Monthly Archives: May 2014
Oberman Law Firm Launches Expansion of Its Multi-Practice Law Group
Oberman Law Firm, a leading dental law firm which has a national presence, has announced the expansion of its Multi-Practice Law Group. The Multi Practice Law Group will continue to expand its client MSO (Management Service Organization) and DMSO (Dental Management Service Organization) practice areas which include MSO/DMSO formations, support services, joint ventures, practice acquisitions, state law compliance, capital and venture capital financing and employment law.
“In the past few years, there has been an aggressive expansion of multi-practice service organizations throughout the dental industry nationwide,” said Stuart J. Oberman, owner and founder of Oberman Law Firm. “As the MSO/DMSO model expands industry and nationwide, our firm will continue to be on the cutting edge of service, commitment and guidance. We are prepared and well positioned to be on the continued forefront of client guidance in the area of MSO/DSMO management,” said Mr. Oberman.
Under the MSO/DMSO model, the MSO/DMSO contracts with multi-practice locations to provide day-to-day management in specific service areas such as employee staffing, facility and equipment management, contract negotiations, administration and marketing.
For more information regarding Oberman Law Firm’s Multi-Practice Law Group or dental practice areas, please call Stuart J. Oberman at 770-554-1400 or go to http://www.ObermanLaw.com.
Many dentists hire independent consultants to develop their website or to perform marketing services to brand their dental office. However, most dentists are unaware that without a written contract that includes certain specific provisions, the independent consultant retains the ownership of the intellectual property created. Because the consultant’s ownership of the intellectual property is not common knowledge, this can create problems for dental offices that do not adequately protect their rights.
Copyright law protects work from the time it is created. The general rule under the Copyright Act states that a person who creates the work is the author of that work, unless the work is designated as “work made for hire.”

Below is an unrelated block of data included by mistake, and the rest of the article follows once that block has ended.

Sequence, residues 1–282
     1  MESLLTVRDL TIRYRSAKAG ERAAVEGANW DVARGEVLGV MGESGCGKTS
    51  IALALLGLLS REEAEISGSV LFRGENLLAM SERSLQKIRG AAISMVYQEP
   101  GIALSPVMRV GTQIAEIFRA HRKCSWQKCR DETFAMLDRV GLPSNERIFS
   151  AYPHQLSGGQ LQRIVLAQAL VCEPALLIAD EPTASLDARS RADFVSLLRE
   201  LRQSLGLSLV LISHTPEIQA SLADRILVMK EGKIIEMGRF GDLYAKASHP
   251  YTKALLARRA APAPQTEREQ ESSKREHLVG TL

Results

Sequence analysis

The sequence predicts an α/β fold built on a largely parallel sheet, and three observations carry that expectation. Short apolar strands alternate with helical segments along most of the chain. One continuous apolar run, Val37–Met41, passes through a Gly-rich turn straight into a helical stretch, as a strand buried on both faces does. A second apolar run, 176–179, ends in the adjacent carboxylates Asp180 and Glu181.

For example, if a dental office hires a graphic design company to create its’ company logo and a “work made for hire agreement” was not signed before the logo was created, the graphic design company would own all of the right, title and interest to the dental office’s logo. The graphic design company would be free to license or sell the logo and dilute the market place with similar images. The dental office would have no control over its own logo.
There is, however, an exception to this principle: “works made for hire”. This doctrine allows for an employer to be considered the author of the work even if an employee created the work. If an employee creates intellectual property for an employer, the employer will own the exclusive rights to work created, if the work was created within the scope of the employee’s employment. However, although work created by an employee is considered to be “work for hire” and is owned by the employer, the more cautious dental practice owner will still have their employees sign an employment agreement that transfers ownership of work, ideas and inventions to the employer. Because many employees often work from home or at odd hours, it can be unclear if a concept or idea was created during the course of employment.